As a result, “homework” has effectively become “all work,” resulting in a greater requirement for assistance with home studies than ever before. While many parents have attempted to compensate by becoming more active, “having parents as teachers has proven difficult,” he added. They may have been taught in a different way than their children, or they may not recall or know the answers.

With the pandemic, Brainly noticed that more parents began using the app with students, either to work out answers together or to seek help before assisting their kids, with a lot of these coming from parents of kids under the age of 13. Parents currently account for 15-20% of all new registrations, according to him.

Up until now, Brainly’s main focus has been on how to expand its tools for the students — and now parents — who use it, and on organic growth for those groups.

However, there is clearly room to expand this to include more educational stakeholders in order to better organise the types of questions that are answered and how they are answered. Borkowski confirmed that the company has been approached by educators, curriculum developers, and others who want answers that are more aligned with the types of questions they are most likely to ask students, but that the company “wants to keep the focus on students and parents getting stuck” for the time being.

Brainly is considering ways to incorporate additional tutoring, video, and artificial intelligence into future products. The AI part is intriguing, and it will, in fact, tie in to a broader curricular covering based on more regional needs.


If you ask for help with a specific type of quadratic equation technique, for example, you might be served a slew of similar practise questions to help you remember and apply what you’ve just learned, and you might even be directed to related topics that will appear alongside it in a larger mathematics exam. You may also be givens the opportunity to meet with a tutor for additional help.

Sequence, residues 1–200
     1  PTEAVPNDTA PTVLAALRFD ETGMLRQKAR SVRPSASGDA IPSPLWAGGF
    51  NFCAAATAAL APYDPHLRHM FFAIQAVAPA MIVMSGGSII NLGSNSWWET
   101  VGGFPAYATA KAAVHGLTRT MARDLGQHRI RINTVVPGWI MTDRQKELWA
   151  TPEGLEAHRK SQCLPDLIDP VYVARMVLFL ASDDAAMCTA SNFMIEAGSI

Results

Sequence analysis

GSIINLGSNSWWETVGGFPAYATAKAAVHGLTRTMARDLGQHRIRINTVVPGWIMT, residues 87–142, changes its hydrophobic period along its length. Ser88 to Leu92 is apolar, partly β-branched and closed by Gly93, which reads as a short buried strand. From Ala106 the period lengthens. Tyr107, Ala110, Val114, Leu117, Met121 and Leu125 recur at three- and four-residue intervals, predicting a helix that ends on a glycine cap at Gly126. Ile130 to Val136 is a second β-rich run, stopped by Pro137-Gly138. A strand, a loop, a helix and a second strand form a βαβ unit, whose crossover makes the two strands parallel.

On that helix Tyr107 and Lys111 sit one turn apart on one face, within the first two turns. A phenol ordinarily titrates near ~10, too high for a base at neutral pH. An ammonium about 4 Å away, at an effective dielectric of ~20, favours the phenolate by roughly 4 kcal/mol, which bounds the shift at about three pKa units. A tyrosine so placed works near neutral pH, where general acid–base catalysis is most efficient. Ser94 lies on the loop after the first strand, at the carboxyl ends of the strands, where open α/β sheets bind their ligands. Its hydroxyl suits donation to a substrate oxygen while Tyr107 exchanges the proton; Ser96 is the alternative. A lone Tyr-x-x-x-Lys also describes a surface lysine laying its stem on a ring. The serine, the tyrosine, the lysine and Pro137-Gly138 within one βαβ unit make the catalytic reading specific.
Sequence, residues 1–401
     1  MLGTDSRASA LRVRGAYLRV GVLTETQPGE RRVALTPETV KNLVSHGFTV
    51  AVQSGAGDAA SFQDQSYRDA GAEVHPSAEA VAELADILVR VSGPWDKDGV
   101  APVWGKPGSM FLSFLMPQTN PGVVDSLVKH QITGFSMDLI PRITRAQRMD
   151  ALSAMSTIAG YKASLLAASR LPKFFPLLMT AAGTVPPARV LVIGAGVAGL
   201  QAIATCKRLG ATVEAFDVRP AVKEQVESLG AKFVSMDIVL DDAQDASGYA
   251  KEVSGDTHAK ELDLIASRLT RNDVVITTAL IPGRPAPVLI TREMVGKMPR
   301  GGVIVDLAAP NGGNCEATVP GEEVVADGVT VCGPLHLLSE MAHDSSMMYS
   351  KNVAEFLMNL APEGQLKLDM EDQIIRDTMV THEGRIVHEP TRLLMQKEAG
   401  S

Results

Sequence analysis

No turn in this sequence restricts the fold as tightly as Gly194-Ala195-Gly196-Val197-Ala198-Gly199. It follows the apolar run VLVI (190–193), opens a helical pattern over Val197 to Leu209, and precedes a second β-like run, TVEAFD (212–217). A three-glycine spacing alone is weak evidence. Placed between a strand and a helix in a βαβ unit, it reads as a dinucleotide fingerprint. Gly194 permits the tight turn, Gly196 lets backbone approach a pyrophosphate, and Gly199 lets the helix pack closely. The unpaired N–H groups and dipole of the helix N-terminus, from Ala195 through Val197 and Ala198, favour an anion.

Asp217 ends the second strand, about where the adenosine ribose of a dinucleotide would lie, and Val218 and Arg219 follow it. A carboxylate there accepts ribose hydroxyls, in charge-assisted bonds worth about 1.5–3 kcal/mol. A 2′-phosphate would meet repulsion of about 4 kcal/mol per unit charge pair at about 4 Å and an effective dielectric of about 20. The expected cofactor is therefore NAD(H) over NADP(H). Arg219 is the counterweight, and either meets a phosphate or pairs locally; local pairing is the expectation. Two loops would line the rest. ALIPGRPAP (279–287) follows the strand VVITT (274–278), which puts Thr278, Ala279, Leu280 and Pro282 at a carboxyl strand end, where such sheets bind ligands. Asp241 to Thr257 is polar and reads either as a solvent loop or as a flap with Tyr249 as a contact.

He claims that Brainly has been quietly testing tutoring and has completed over 150,000 sessions to date. Borkowski explained that having such a big user base allows the firm to run services at scale while yet keeping them in test mode.

“It will be abouts looking at what students are studying and figuring out how to map that to the national curriculum, as well as what we can do to help.” Borkowski remarked. “However, it will require a big lift and machine learning to pinpoint students” for it to work well, he added, which is one reason it hasn’t been rolled out more widely.

Brainly is continuously developing new offerings in a variety of areas, including tutoring and further personalisation.

In addition, the company is making more room for video demonstrations of various procedures (which I suspect is especially good for something like mathematics, but equally helpful for, say, an art technique). This is apparently due in part to a 2018 acquisition by the startup to add more video tools, which highlights how purposeful Brainly’s expansion plan has been in some ways.

“Thousands each week” are already being added, but, like with tutoring, “that, for us, is a testing stage,” Borkowski added. In the first quarter, he expects to hear more about new items.